How Feyenoord kickstarted the Dutch dominance in Europe

Feyenoord’s somewhat unexpected triumph in the 1970 edition of the European Cup was a watershed moment for Dutch football in general, and the country’s club football in particular.

For the next few years the Dutch dominance continued with an impressive total of five European trophies in as many seasons, and peaked with the Netherlands’ national side reaching the final of the FIFA World Cup in 1974, and redefining world football in more ways than one.

 

No club has had as much impact on Dutch football as Ajax. The Amsterdam-based side is not only the most successful club in the history of Dutch football, but also the early exponents of the defining Totaalvoetbal (Total Football) strategy that has served the Netherlands national team so well over the years.

 

In 1969, Ajax became the first Dutch club to make it to the final of the European Cup, the precursor to the Champions League. However, the Amsterdammers’ charge to the title came to a screeching halt at the Santiago Bernabéu, when they were comprehensively outplayed by a strong AC Milan side.

Milan bis nel segno di Rivera - Oltre il ponte

Their impressive run to the Final notwithstanding, Ajax failed to win the domestic title that season. That trophy and the opportunity to represent the Eredivisie in Europe in the following season went to their arch rivals from Rotterdam. Unlike Ajax in the year prior, Feyenoord made the most of it.

 

The De Kuip outfit had appointed a relatively lesser known manager in Ernst Happel ahead of the new season, and began their European campaign with an emphatic 16-2 aggregate win over Icelandic side Knattspyrnufelag Reykjavik. 

 

In the second round of the competition, the club from Rotterdam caused a major upset, arguably the biggest of that season, by taking out the defending champions. A Nestor Combin goal had secured Milan a slender win at the San Siro.

 

However, at home, Feyenoord was a difficult proposition altogether. Club legends Wim Jansen and Willem van Hanegem scored on either side of half time to overturn the deficit and sent Nereo Rocco’s side out of the competition. 

 

The quarter-final followed a similar pattern. Feyenoord lost away at Vorwärts Berlin (now FC Frankfurt) before winning the return leg comfortably, thanks to goals from Ove Kindvall and Henk Wery. The 2-1 aggregate win set up a semi-final against Polish champions Legia Warsaw.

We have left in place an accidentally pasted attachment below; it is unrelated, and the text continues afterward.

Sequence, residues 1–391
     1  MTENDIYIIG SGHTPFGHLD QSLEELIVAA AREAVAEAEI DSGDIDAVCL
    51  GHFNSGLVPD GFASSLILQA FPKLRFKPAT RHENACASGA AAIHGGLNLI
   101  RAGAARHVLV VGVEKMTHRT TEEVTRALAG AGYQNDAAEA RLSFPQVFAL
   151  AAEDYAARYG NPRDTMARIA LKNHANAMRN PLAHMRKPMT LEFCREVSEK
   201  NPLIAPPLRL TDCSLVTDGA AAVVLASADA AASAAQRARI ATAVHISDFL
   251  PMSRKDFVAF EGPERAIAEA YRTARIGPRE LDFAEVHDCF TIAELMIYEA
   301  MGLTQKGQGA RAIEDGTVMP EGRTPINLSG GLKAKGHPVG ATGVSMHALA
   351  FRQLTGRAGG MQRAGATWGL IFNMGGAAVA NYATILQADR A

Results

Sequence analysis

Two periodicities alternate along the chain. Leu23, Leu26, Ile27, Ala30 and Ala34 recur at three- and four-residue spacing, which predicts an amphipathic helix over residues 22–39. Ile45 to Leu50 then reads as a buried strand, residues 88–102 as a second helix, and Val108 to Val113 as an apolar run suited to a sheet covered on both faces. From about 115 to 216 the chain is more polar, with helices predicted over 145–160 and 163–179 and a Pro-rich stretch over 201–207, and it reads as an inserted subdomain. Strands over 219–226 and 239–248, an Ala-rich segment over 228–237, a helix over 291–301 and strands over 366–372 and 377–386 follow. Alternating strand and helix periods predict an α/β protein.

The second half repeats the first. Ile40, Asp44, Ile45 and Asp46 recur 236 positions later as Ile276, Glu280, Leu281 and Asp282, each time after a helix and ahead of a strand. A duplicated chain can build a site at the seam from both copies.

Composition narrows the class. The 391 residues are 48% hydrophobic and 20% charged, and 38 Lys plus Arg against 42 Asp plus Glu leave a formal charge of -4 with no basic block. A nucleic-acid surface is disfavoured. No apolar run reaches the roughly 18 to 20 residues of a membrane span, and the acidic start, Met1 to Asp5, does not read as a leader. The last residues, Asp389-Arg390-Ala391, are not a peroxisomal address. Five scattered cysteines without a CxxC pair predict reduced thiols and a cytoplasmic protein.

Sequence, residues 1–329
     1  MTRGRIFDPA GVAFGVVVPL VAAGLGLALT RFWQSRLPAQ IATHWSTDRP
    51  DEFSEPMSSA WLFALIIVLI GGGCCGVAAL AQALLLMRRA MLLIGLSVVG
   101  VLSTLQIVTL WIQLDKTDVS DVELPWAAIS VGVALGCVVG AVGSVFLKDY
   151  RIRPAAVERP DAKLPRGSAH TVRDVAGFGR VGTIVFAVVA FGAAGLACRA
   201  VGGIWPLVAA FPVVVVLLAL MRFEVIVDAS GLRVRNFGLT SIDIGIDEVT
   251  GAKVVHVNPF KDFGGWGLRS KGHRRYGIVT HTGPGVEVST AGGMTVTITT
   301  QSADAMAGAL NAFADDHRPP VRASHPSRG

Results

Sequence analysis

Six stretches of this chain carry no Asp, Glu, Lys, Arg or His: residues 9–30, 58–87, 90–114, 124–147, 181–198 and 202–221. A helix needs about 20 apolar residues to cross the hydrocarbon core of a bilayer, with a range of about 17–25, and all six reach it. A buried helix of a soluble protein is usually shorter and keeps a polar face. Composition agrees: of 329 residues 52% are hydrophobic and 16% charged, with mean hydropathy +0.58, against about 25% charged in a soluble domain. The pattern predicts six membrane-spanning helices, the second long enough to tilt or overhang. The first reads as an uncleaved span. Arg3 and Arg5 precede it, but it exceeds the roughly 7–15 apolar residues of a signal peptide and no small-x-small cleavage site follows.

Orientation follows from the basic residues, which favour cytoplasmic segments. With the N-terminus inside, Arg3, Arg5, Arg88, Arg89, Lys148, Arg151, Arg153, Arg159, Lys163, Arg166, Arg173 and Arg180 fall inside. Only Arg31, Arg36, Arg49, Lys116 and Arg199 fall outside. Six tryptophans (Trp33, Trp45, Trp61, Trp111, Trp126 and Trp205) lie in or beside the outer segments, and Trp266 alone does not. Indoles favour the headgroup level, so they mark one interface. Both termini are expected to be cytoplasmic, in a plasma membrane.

It was Feyenoord’s second foray to the last four of the European Cup – having become the first Dutch club to reach the semi-finals of the competition in 1963. After the first leg in Warsaw ended in a stalemate, the Rotterdam side again made their home advantage count, goals from Van Hanegem and Franz Hasil ensuring them a place in the final for the first (and so far only) time ever.

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Having lost at the San Siro earlier in the season, Feyenoord would be heading back to the venue, for what was the season’s most important match. To add fuel to the fire, Happel’s squad even recorded a song for the final. Played on the radio, and round the clock in Rotterdam’s many bars, it was dubbed The Feyenoord Song.

 

However, De Trots van Zuid were not the favorites to lift the the title. Despite having a coherent side consisting of the likes of Van Hanegem, Kindvall, Jansen, Hasil, Coen Moulijn, and led by the ever-dependable Rinus Israel, Feyenoord were considered the underdogs.

 

That pre-match favorites were Celtic. The Scottish side had won the competition just three years prior, beating Internazionale in the final. In fact, seven players who helped Celtic win that game in Lisbon would be in the starting line-up for the 1970 final. The Glasgow side had made its way through a difficult draw, beating three clubs that had tasted European success before (at various levels) en route to Milan.

 

Under legendary manager Jock Stein’s astute guidance, the Scottish champions had accounted for former champions Benfica in the second round, 1957 European Cup finalists and 1961 UEFA Cup Winners Cup winners Fiorentina in the quarter-finals and 1968 Inter-Cities Fairs Cup – predecessor to the UEFA Cup/Europa League – winners Leeds United.